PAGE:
Italy's mobile operators to bear the cost of fixing LTE interference

Summary:The three main Italian operators will share costs of installing anti-interference filters all over the country, to prevent LTE hobbling digital TV transmissions.

As Italy starts to build out its LTE networks , the country has determined how operators should tackle the question of interference.

Earlier this week, the Italian Council of State approved draft proposals setting out how mobile carriers have to solve the problem interference between LTE and digital television signals. According to the ruling, three of the country's main mobile operators (Wind Telecomunicazioni, Vodafone and Telecom Italia) will have to bear the full cost of installing the filters required to fix the problem, known as Cei 100-7, on TV antennas across the country. 

The Council of State's ruling means that all complaints from individuals about interference will be handled by the Ugo Bordoni Foundation, an ICT and telecoms cultural and research organisation. Mobile operators that don't cover the costs of filter installations as mandated by the Ugo Bordoni Foundation will be subject to heavy sanctions.

Back in June 2011, the Italian government published a call in the Gazzetta Ufficiale della Repubblica Italiana for bids for LTE licences. All four major Italian operators (Vodafone Italia, Telecom Italia, Wind and Three) took part in the bidding for spectrum in the 800MHz, 1800 MHZ and 2600MHz bands. Wind, Vodafone and Telecom were assigned two blocks each in the 800Mhz band (which guarantees better coverage with fewer antennas); Vodafone, Telecom Italia and Three got one block each in the 1800Mhz; and both Wind and Three were assigned four blocks in the 2600Mhz, while Telecom and Vodafone were assigned three blocks.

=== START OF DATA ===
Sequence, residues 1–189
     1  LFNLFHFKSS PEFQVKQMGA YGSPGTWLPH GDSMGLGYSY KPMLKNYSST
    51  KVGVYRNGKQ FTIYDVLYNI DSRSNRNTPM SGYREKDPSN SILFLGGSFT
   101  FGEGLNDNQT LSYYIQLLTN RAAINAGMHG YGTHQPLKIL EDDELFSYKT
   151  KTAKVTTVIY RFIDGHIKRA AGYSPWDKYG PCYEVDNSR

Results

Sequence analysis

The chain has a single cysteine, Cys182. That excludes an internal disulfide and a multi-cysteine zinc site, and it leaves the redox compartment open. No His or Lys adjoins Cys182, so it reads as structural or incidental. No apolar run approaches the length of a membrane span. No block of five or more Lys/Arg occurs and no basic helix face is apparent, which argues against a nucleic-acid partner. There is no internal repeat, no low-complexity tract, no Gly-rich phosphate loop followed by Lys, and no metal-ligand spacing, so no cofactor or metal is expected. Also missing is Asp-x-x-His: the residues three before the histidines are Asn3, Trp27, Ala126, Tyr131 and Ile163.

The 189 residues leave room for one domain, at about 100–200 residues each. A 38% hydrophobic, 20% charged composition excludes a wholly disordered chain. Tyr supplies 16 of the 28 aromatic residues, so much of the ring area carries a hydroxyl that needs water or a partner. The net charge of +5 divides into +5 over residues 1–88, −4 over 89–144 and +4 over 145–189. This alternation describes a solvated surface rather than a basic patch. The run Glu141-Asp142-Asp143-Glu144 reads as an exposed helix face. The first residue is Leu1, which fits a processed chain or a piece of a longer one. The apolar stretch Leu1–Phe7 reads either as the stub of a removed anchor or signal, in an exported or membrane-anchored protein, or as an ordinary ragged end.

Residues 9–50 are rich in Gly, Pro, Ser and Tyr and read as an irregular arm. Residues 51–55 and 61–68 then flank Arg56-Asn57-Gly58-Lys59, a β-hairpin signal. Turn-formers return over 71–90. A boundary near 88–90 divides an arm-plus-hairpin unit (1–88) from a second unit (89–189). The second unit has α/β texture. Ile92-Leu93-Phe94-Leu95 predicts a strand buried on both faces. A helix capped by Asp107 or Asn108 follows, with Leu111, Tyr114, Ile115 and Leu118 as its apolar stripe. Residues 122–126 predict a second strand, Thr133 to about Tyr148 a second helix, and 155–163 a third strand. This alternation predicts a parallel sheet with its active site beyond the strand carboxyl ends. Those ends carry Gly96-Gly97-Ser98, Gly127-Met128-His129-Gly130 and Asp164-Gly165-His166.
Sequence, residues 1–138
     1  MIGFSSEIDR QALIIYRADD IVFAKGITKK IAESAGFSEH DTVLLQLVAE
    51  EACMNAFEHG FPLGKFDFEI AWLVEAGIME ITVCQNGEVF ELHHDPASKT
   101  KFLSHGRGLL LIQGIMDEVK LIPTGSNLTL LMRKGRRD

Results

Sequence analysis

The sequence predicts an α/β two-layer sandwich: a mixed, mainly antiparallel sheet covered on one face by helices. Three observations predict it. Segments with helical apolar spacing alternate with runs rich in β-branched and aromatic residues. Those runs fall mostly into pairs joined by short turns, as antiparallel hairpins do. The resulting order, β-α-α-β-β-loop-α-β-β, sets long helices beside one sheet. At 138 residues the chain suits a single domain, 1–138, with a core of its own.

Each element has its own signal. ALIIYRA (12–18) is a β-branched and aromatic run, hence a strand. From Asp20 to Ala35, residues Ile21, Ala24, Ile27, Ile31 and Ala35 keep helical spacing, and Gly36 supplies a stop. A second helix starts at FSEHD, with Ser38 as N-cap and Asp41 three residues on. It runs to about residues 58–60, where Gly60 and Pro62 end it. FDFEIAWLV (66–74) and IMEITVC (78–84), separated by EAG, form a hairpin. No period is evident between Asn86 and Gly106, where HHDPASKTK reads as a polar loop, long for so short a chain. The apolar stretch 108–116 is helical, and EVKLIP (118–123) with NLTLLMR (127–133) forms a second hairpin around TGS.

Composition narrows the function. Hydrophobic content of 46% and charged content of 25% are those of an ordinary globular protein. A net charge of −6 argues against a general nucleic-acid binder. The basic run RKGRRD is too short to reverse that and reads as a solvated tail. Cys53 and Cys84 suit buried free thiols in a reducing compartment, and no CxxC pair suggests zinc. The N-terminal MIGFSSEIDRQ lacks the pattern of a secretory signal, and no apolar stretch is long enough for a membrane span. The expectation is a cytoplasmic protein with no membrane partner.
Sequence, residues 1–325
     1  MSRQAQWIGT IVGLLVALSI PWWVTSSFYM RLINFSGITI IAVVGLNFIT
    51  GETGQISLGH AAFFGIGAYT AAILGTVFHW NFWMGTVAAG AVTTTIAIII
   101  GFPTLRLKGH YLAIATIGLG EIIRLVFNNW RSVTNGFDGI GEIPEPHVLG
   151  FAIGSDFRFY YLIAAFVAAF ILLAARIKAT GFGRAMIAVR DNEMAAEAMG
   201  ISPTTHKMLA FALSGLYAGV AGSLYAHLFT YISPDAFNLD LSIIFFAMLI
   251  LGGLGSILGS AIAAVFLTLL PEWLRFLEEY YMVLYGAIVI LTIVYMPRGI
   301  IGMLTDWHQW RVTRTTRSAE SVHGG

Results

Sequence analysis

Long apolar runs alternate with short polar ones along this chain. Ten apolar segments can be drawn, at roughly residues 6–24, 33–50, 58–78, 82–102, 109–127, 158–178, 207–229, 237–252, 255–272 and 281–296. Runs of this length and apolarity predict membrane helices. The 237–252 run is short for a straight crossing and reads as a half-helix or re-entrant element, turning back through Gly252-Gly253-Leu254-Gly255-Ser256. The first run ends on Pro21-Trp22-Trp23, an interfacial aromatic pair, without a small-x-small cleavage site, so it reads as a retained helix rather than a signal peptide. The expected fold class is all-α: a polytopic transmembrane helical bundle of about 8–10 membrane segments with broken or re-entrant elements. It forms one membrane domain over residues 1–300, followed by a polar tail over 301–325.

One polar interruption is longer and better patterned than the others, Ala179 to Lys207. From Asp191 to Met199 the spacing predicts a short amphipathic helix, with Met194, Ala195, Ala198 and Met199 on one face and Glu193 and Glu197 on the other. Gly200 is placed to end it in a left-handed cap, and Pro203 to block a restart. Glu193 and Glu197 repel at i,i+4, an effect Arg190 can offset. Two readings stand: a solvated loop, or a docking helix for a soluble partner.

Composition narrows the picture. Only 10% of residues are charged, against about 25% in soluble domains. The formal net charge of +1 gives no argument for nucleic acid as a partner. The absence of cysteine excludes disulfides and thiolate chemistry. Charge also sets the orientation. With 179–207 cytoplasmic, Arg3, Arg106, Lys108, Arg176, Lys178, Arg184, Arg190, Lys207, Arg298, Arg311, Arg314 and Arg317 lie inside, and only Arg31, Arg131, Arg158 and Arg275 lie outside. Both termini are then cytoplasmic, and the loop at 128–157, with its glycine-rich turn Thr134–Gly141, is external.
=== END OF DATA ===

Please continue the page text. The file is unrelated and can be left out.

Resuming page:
The 800MHz blocks, considered more desirable by operators for their propagation properties, were those freed up after local TV companies made the switch to digital television. 

However, as a result of LTE signals in the band, some TV users may experience interference on one or more channels, known as selective interference, or a blacking out of all channels – a problem known as saturation. 

The ruling, which will be valid from the day following its publication in the Gazzetta Ufficiale della Repubblica Italiana through to the end of 2016, says that the cost of the filters will be shared by the three operators who were assigned frequencies in the 800MHz band: Wind will take on 50 percent of total costs, while Vodafone and Telecom will each cover 25 percent. Wind will have to cover a larger share, as the frequencies it was assigned are known as "dirty frequencies" - those closest to the frequencies used for digital television.

Topics: 4G, EU, Mobility

About

Born in Rome and travelling extensively throughout her childhood, Cristina finished her studies in the UK reading Molecular Biology at university. After settling back in Italy's capital, Cristina rediscovered her passion for writing and geekery, which eventually led to working as a blogger and social media manager. Cristina has collaborat... Full Bio

Contact Disclosure

Kick off your day with ZDNet's daily email newsletter. It's the freshest tech news and opinion, served hot. Get it.

Related Stories

The best of ZDNet, delivered

You have been successfully signed up. To sign up for more newsletters or to manage your account, visit the Newsletter Subscription Center.
Subscription failed.